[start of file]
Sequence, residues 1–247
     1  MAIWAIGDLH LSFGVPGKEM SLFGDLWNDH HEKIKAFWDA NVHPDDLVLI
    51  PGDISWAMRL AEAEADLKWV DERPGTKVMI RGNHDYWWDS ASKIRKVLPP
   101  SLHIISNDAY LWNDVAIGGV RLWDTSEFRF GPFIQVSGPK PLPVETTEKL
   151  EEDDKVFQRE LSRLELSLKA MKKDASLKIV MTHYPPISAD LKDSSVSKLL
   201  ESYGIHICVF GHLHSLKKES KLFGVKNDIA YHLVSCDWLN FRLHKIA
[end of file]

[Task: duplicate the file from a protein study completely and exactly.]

Sequence, residues 1–247
     1  MAIWAIGDLH LSFGVPGKEM SLFGDLWNDH HEKIKAFWDA NVHPDDLVLI
    51  PGDISWAMRL AEAEADLKWV DERPGTKVMI RGNHDYWWDS ASKIRKVLPP
   101  SLHIISNDAY LWNDVAIGGV RLWDTSEFRF GPFIQVSGPK PLPVETTEKL
   151  EEDDKVFQRE LSRLELSLKA MKKDASLKIV MTHYPPISAD LKDSSVSKLL
   201  ESYGIHICVF GHLHSLKKES KLFGVKNDIA YHLVSCDWLN FRLHKIA